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  • Modular Building Construction

    Building Construction

    Anyone noted any problems fighting fires in modular homes. Not double wide or trailer homes but specifically modular homes that should be built much like a stick built home and fall under state modular codes. I have noticed on drawings that they have wire tunnels that run from floor to floor and wondered if they presented a good route for vertical flame spread or if anyone had noted and fire stopping that had been installed to slow the vertical spread of smoke and fire. Any input would be appreciated. Lots of these homes going up all over. They look and and as I stated above are built, like site built homes the only difference is the way they are put together on site, in most cases.
    "Illegitimis non carborundum."

    - Gen. Joseph Stilwell
    (Lat., "Don't let the *~#%&S grind you down.")

  • #2
    I have investigated a fire in one and I live in one I designed. What I think you will find is that these houses stand up way, way better than a stick built home.

    For those of you who may be unfamiliar with this type construction, the house is built in a warehouse in a series of boxes and trucked to the homesite. The boxes are lifted by crane onto a foundation and fastened. Additional boxes are lifted on top of that to form the top floors. The roof rafters are either raised up or constructed on site and covered with regular plywood and shingles.

    From a builders' standpoint, this is a good thing, because the boxes are built using jigs and are very square. The lumber in the warehouse is stored inside and ends up in better condition. The boxes are insulated not only on the sides, but also on the top and bottom. This adds R-value in heat conservation and also adds soundproofing.

    Also, the home is inspected by certified inspectors as it is being built. Mine is about nine years old and I think it was built to meet code in like 11 states.

    All framing lumber is one size bigger than a stick built home. For example, mine has 2"x6" walls and 2" x 12" floor joists. It also has 3/4" gypsum board. The reason for this is so the box can withstand the punishment of traveling over the road.

    All wiring and plumbing in my house is run up the outside walls, much like that of a stick built house. There are no chases.

    The fire I inverstigated was in a model modular home and was an arson set with copious quantities of gasoline by a would be burglar. When I walked up to it, I said to the fire chief that the house didn't burn right. It withstood the fire unbelievably. With the exception of the living room floor (where the gasoline was poured) there was virtually no collapse. Once I understood the construction, it was obvious that the fire was contained somewhat by the boxes.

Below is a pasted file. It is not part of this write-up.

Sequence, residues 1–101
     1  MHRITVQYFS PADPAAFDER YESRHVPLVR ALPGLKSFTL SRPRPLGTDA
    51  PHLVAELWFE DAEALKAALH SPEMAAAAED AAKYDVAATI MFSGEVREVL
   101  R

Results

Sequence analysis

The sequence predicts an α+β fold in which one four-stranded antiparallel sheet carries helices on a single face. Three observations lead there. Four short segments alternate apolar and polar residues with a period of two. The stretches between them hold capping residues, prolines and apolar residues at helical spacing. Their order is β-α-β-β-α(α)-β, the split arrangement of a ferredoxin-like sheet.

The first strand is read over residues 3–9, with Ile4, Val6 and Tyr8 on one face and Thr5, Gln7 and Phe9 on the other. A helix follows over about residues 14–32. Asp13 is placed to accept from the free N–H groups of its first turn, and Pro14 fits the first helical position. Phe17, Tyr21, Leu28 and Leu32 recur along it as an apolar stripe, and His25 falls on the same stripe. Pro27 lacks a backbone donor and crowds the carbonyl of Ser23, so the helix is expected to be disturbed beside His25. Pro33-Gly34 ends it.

Mine was built by Haven Homes, which is somewhere in the wilds of PA. The one that had the fire was built by another company near Scranton, PA.
    PROUD, HONORED AND HUMBLED RECIPIENT OF THE PURPLE HYDRANT AWARD - 10/2007.

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    • #3
      well said, George!

      I gotta agree with George, the modular homes are, for the most part, built better than stick-built homes - if they have to build it strong enough to pick it up and set it on a truck, haul it down the road and then pick it up again and set it on a foundation, you know it's gonna be built strong. The beefier construction also means that it will hold up better when the structure is "stressed" or weakened by fire.

      I, too, live in a modular home, but I didn't get the 6" exterior walls - the extra insulation is a great feature, though.

      Now if you want to talk about 'manufactured housing' (i.e. house trailers), then THAT'S a whole 'nother ball of wax!!
      An ounce of prevention is worth a pound of cure!

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      • #4
        Thanks for the information guys. I have one on order so hopefully in about a month my new bride and I will be moving in. We have some more going up in our fire district. Sort of a new item here in the county. Stick built and mobile homes are the norm. IJHumberson you mention trailer homes in your post. We ran mutual aid with Clarksville FD a few weeks ago on a double wide. Clarksville’s first unit was on scene pretty fast (7-10 min I would guess) and it had vented the roof. The floor was completely gone. We couldn't walk on it at all to work the interior. The house was totaled and everything in it. A passerby called it in so don't know how long from discovery to dispatch. Single wide last about 8 min. or so.